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Various Platforms Arcuri and Drew agreed with Robinson that a single platform for vaccine production is not possible; Drew estimated that about six distinct vaccine-production platforms are necessary. A number of participants expressed optimism about the DNA-based platform. One stated that the reproducibility of production of DNA-based vaccines and vaccines based on recombinant proteins was comparable with the reproducibility of MAb production. Robinson said that development of DNA-based vaccines tends to be much faster; that is, it is faster in producing an experimental product that encodes a new antigen and in readying the product for a clinical trial. Such products can be made quickly, whereas other types of vaccines cannot be made within the 7–12 months that the TMTI has specified. Gomez pointed to development of a particular experimental vaccine for H5N1 influenza that was ready for clinical evaluation in about 6 months. Robinson pointed out that regardless of production platform, predicting timelines for overall vaccine development is challenging, if not impossible. He summarized several Merck experiences in which development of particular vaccines, such as the rotavirus and varicella virus vaccines, each took about 20 years, and development of the HPV vaccine took about 10 years. As for which platform (DNA-based or other) might be used to produce a countermeasure against a particular agent, Robinson said that although vaccine-production processes are generally understood, choosing a particular approach for developing a vaccine for a novel agent can be challenging. In general, platform-based production lowers costs, but some production options may still prove expensive. Manufacturing Facilities Participants addressed production capacity for vaccines. In contrast with the capacity to produce antibodies, the industry does not have excess capacity for producing vaccines, according to Arcuri and Robinson, particularly vaccines that consist of live attenuated viruses. Robinson thought that it would be helpful for the government to foster the development of surge capacity, possibly by guaranteeing markets for such products. Contract manufacturers could help in meeting vaccine-production needs, but building production capacity among producers of specialized vaccines seemed preferable to at least one participant. The construction of multipurpose vaccine facilities is feasible; Merck has a pilot vaccine facility that is capable of running different platforms, and its versatility encompasses several production platforms, including adenovirus, E. coli, yeast, and CHO cells. Shifting from one cell type to another can take place within days, and personnel running the Merck facility are trained to work with the variety of platforms available there. In response to questions about the current vision of a government-owned countermeasure-production facility, Jerome Donlon said that it would probably be built to produce both vaccines and MAbs on well-understood platforms but also include additional production components that are under development. Kelley pointed out that a 13

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operations capable of producing 100-kg batches of MAbs would have little overlap with vaccine-production operations if the two platforms were set up in a single facility, and Coffman suggested that it would be more practical to design separate facilities for the two platforms because housing them together could lead to less efficient production of MAbs. Regulatory Issues At least one participant thought that platform reliability is likely to be a plus for vaccines in dealing with FDA reviews. This participant noted that gaining regulatory acceptance of novel approaches, such as one that depends on baculovirus for production, would prolong initial reviews of vaccines that were intended to serve as TMTI countermeasures. For example, the first reviews of DNA-based vaccines drew heightened scrutiny from FDA. Participants discussed the evaluation of whether a vaccine provides protective immunity. Robinson said that animal models are useful in some cases, particularly when a bioassay is sought for use in releasing vaccine lots; in the absence of an animal model of a particular disease, however, developing such bioassays can be difficult. Participants discussed ways other than animal-model bioassays to evaluate vaccine effectiveness. Robinson thought that obtaining neutralizing antibodies (for use as a surrogate measure of immunity or in animal bioassays) would be especially challenging in the case of an unknown or newly emerging biothreat agent. Participants asked whether there are general rules for determining what protective immunity will depend on. Robinson responded that it seems that only in relatively rare cases—such as those involving the updated influenza, pneumococcal, and HPV vaccines—might there be consistency in predicting how vaccines will behave. Research and empirical analysis typically are needed when one is selecting appropriate antibodies, including antibodies that will be used as reagents in bioassays, according to Robinson. Greenberg described the influenza-vaccine experience. Decades of experience in adjusting the influenza vaccine each season provide some confidence that raising antibodies to a newly circulating hemagglutinin determinant of that virus will protect against influenza infections. However, making such changes in reformulating the seasonal influenza vaccine is far from perfect, and this might account for some of the variation in the vaccine’s performance from year to year. Consideration of what could be learned from the influenza-vaccine experience led to questions about the role and value of vaccine adjuvants in recent efforts to expand coverage of the influenza vaccine. Greenberg said that adjuvants typically increase the quantitative, not the qualitative, immune response to a vaccine. However, by intensifying overall responses to a particular vaccine, an adjuvant might broaden coverage by raising host responses to ordinarily minor epitopes that might otherwise have remained undetected by the humoral components of the host immune system. Richard Jaffe, Senior Medical Advisor at the Office of the Deputy Assistant to the Secretary of Defense for Chemical and Biological Defense and Chemical Demilitarization Programs, said that something similar happens at the cellular level: a minor component of a pathogen may trigger an immune response in T cells. 14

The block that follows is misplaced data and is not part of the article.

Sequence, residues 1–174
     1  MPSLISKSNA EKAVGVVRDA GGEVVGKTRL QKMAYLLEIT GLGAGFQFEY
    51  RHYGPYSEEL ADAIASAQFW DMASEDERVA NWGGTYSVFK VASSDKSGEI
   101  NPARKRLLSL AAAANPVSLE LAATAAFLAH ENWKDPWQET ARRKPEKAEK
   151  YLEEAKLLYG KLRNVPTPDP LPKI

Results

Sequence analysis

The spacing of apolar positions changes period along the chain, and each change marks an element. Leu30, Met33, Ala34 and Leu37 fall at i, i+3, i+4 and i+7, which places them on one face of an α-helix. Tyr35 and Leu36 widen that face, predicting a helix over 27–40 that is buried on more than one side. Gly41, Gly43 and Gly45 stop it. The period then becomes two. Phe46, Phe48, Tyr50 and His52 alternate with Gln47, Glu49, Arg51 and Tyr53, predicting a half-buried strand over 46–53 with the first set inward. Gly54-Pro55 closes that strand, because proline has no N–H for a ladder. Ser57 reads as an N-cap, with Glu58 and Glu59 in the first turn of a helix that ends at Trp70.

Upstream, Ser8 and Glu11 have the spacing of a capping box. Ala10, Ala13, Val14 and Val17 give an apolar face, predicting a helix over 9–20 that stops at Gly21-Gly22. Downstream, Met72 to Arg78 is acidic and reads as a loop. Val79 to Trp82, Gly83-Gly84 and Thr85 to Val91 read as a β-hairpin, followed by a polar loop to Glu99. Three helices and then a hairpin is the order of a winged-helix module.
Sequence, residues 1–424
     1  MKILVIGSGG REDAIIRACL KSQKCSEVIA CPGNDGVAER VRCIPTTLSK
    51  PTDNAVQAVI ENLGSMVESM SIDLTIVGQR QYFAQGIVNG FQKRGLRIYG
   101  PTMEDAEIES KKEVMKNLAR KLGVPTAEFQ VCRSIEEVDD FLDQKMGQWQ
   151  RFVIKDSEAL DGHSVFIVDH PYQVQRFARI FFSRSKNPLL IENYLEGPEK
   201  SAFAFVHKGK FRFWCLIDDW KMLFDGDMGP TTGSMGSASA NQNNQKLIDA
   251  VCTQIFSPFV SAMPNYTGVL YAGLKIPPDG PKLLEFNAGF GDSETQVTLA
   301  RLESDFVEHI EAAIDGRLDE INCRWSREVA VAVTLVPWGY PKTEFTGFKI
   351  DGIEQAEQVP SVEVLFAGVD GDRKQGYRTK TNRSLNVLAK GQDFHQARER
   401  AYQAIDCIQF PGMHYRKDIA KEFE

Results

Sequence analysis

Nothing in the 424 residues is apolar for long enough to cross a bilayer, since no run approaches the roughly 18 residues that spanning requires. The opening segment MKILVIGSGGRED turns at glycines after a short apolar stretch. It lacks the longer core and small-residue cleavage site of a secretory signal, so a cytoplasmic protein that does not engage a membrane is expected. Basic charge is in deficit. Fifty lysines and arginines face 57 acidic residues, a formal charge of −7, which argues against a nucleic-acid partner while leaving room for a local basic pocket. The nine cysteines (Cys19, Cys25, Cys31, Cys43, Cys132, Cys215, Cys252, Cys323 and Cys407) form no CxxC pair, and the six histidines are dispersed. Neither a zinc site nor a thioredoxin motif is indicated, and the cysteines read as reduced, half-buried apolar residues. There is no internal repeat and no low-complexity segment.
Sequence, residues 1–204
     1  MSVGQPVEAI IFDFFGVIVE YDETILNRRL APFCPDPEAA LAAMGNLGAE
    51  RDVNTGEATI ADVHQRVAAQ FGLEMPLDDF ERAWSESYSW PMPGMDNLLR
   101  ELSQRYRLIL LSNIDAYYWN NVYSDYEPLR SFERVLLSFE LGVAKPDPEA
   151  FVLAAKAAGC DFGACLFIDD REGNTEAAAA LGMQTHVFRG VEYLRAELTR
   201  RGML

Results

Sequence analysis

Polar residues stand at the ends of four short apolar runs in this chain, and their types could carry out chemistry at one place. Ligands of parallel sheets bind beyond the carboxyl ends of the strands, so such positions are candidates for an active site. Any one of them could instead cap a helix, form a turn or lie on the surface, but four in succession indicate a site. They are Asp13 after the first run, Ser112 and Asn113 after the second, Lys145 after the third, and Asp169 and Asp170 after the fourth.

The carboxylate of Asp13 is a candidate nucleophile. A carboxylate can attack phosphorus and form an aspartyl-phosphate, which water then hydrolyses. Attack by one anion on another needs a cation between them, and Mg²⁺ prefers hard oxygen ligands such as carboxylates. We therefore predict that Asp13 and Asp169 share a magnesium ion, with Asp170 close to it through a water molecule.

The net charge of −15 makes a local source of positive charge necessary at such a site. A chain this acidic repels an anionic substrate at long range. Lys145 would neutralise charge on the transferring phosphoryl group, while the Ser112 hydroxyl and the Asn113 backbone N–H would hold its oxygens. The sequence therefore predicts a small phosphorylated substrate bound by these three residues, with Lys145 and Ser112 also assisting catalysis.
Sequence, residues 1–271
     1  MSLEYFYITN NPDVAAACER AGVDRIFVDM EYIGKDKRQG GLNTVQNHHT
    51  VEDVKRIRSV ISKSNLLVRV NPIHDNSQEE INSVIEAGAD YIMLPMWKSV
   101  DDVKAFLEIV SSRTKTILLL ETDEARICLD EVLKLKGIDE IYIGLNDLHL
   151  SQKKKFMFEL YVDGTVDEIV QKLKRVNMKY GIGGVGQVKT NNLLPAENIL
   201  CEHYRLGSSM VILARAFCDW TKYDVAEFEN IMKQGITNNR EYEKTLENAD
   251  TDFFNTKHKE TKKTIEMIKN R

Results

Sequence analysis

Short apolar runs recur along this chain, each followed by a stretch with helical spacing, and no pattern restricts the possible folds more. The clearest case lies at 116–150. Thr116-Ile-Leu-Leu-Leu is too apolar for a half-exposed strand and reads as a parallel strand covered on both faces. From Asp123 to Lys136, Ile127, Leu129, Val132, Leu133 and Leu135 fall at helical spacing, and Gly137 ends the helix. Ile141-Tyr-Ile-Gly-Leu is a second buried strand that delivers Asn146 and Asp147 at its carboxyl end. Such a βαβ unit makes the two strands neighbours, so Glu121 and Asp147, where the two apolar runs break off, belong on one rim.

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The discussion shifted to the use of vaccines against intracellular bacterial pathogens and the pathogens that cause hemorrhagic fever; these pathogens are the subjects of TMTI efforts. Several participants stated that the development of vaccines to protect against intracellular pathogens remains particularly challenging, if not intractable. Galloway pointed out that the TMTI is not committed to developing conventional vaccines and is seeking novel ways to induce protective host responses. SUMMARY OF KEY POINTS Patriarca reviewed what was discussed at the workshop, namely the prospects of producing adequate supplies of safe and effective MAbs and vaccines to meet TMTI needs to provide US military forces with countermeasures against biothreats. Patriarca thought that, in general, it appears feasible to produce enough MAbs or vaccines within the TMTI-designated timeframe. However, he described several additional key points of the workshop: 5  Manufacturing of MAbs appears relatively straightforward, but it is not the most time-consuming step in the development of countermeasures, in his view. Participants urged further discussion of discovery-related issues for critical products.  Vaccine-manufacturing platforms are considerably more complicated than those for MAbs; there are at least a half-dozen such platforms for making vaccines, and only some are well characterized. However, Jennie Hunter- Cevera 6 , of the University of Maryland Biotechnology Institute, noted that discovering molecular targets, which is essential in developing MAbs, is not always needed for vaccine development.  Demonstrating safety and efficacy of both vaccine-based and MAb-based countermeasures will be challenging even with the use of surrogate end points. As emphasized by Schenerman, it will be important to devise a risk–benefit algorithm to satisfy FDA criteria for evaluating the safety and efficacy of biothreat countermeasures for US troops in the face of an emergency. 5 The summary statements made by Peter Patriarca reflect his views and are not meant to imply a consensus of the workshop participants. 6 Jennie Hunter-Cevera is now at RTI International. 15